The fundamental concern for these groups is that the VA-CDPA falls short of adequately protecting Virginians’ privacy. The chief shortcomings with the law, the groups contend, are that: 1) the law adopts an “opt-out” framework, whereas opt-in frameworks have greater privacy protections; 2) the law lacks a robust data minimization requirement; 3) the law does not account for collection of personal data from third party sources (e.g., social media); 4) the law lacks an overall right for consumers to avoid being profiled; and 5) the law would have no significant effect (if any) on large tech companies that serve targeted advertisements on their own platforms on behalf of other companies.

Outside of the substantive criticisms, there are also strong objections to the role that industry played in crafting the VA-CDPA. It was no secret that large tech companies backed the law; Microsoft and Amazon, for example, openly testified in support of the bill. But press reports indicate even closer involvement in bringing the law to fruition. Indeed, an Amazon employee originally presented Virginia Senator David Marsden - the chief co-patron of the legislation - the text of the bill. “Amazon gave us the first cut of a draft to look at that was based on other work,” Marsden told the press. 

The emergence of Virginia and California consumer privacy laws are stoking fears of an eventual “patchwork” regulatory system, where businesses may be forced to comply with 50 separate consumer privacy regimes. Privacy bills in Washington, New Jersey, Utah, and Oklahoma, for example, have been the subject of wide discussion in data protection and privacy circles, while more than dozen other states have active developments with their privacy bills. 

A patchwork system is not inherently bad - especially in the absence of a unified federal law - but as previously noted, the main worry is over complying with different and/or conflicting requirements of the various state laws. This requires businesses to - before the effective date of any given privacy law - conduct a comprehensive data mapping to understand where personal data is coming from and where it’s going, update policies and procedures to ensure consumer requests are handled diligently, identify and review data-sharing contracts, and redraft and update public privacy documents. Ultimately, these efforts have the potential to consume a significant amount of businesses resources and may require engineers, lawyers, product managers, and business executives to work together in ways they haven’t before. Some states, like Virginia, may elect to establish a working group to assess a privacy law’s implementation in order to aid in compliance efforts.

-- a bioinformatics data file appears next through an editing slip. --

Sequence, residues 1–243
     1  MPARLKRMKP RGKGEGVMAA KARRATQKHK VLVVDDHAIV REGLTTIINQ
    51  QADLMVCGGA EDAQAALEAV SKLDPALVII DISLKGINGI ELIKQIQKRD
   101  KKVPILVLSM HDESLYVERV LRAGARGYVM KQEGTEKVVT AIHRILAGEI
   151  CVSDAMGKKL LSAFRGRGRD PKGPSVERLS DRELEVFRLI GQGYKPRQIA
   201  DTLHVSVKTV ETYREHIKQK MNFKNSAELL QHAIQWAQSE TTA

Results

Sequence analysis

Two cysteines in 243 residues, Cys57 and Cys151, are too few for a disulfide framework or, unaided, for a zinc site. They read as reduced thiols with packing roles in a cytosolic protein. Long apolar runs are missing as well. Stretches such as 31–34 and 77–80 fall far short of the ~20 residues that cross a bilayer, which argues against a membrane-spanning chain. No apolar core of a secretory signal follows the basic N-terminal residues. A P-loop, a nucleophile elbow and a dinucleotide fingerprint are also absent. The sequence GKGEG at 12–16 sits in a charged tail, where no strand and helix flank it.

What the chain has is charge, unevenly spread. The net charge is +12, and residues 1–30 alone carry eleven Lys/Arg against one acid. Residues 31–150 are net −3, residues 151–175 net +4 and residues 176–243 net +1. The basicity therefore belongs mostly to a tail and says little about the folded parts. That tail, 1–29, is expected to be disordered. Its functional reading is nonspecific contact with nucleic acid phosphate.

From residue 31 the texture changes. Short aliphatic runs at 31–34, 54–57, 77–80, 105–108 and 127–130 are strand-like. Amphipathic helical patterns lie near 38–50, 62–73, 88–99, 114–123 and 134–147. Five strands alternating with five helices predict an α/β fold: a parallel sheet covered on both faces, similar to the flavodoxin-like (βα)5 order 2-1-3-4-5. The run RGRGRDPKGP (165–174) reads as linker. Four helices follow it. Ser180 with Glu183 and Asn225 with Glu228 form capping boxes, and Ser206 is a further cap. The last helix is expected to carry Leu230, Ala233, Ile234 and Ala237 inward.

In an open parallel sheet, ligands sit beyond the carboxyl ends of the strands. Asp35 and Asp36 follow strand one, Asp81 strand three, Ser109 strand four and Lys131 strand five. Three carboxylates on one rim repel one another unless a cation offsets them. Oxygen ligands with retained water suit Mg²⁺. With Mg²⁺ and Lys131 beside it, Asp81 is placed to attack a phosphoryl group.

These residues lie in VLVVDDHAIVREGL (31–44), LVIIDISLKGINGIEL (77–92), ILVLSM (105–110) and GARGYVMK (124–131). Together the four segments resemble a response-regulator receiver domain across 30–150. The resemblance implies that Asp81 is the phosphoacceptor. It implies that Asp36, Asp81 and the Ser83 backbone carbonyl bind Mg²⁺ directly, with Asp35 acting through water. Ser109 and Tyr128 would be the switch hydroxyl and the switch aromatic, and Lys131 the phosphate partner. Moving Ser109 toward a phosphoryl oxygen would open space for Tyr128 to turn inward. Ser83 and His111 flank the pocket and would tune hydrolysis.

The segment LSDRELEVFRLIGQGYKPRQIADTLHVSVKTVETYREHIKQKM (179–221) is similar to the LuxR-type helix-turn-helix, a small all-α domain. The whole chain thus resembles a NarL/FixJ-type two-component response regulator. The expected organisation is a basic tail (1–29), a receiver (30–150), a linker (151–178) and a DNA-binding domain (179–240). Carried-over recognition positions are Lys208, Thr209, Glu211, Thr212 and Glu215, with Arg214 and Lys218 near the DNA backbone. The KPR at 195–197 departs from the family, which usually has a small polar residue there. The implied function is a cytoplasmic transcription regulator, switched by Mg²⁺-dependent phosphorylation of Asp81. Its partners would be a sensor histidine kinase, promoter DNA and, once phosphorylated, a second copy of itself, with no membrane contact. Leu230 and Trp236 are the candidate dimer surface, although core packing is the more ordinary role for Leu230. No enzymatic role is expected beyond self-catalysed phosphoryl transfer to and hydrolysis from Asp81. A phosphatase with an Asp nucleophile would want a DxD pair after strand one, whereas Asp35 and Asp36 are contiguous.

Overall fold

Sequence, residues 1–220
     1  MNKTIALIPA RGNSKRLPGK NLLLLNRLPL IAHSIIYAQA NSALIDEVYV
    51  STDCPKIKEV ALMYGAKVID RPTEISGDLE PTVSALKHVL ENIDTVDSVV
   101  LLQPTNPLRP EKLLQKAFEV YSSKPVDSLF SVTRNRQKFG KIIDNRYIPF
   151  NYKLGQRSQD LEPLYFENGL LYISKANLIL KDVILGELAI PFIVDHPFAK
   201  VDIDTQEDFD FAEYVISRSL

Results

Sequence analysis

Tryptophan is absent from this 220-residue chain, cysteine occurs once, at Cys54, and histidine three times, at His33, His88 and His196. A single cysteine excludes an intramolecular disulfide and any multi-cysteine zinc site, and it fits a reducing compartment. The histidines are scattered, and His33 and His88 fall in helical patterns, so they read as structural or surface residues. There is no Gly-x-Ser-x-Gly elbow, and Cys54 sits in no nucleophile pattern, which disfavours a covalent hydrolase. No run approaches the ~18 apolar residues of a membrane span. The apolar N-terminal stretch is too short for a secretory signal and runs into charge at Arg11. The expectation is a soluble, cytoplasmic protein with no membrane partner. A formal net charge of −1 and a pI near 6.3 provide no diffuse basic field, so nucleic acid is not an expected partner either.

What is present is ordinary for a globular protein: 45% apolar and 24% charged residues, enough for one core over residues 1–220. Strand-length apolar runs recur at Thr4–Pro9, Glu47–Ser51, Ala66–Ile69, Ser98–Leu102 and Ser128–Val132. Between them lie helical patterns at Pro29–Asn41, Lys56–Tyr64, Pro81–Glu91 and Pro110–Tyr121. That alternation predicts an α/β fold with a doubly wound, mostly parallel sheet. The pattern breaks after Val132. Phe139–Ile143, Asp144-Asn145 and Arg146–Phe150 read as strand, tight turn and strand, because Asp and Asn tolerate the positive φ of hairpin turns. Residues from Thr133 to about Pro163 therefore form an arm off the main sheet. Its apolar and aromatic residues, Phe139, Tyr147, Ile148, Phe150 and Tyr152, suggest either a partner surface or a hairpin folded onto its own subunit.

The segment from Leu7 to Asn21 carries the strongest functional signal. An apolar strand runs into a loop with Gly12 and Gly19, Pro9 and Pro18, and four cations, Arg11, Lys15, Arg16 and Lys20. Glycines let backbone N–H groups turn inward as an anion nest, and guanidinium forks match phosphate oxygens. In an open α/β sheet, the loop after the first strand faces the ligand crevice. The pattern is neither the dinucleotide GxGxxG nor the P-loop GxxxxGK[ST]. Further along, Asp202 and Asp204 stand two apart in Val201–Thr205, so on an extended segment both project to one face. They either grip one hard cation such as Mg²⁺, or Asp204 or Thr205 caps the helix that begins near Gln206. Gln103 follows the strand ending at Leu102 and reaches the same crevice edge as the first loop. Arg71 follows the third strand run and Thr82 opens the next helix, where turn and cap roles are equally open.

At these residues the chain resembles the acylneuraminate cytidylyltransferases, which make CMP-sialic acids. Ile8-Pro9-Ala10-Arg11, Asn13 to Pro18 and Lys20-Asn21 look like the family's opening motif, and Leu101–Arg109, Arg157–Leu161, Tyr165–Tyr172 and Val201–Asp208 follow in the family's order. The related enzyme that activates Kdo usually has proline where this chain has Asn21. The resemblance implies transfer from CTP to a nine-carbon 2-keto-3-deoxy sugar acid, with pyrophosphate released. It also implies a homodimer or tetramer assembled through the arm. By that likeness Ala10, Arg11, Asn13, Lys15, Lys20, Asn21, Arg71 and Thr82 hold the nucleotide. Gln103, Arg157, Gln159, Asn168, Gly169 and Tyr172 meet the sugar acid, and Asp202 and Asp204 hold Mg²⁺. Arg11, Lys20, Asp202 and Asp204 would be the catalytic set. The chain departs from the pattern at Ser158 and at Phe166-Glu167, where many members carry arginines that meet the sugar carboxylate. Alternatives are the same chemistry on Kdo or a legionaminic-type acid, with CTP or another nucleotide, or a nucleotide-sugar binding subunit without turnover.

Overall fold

One theory is that a patchwork of different state privacy laws will increase the pressure on Congress to create a federal alternative - especially because it would lessen the compliance burdens on affected businesses - and yet another theory holds that dozens of independent laws will lower the chances of a federal law, since the states have seemingly “solved” the problem. There is already some credence to the latter theory, even in the privacy and information security space: every state has its own data breach notification law, and Congress has never succeeded in passing a superseding, federal counterpart (the last bill on this topic was introduced in 2017, and was the third iteration on the matter).

Given the federal government’s resource constraints for protecting consumer privacy at scale, its inability to pass unifying legislation, and the momentum that California and Virginia have initiated - state privacy law experiments are poised to continue moving forward in the coming years. What remains to be seen, however, is which states will produce the most effective privacy schemes and how businesses respond.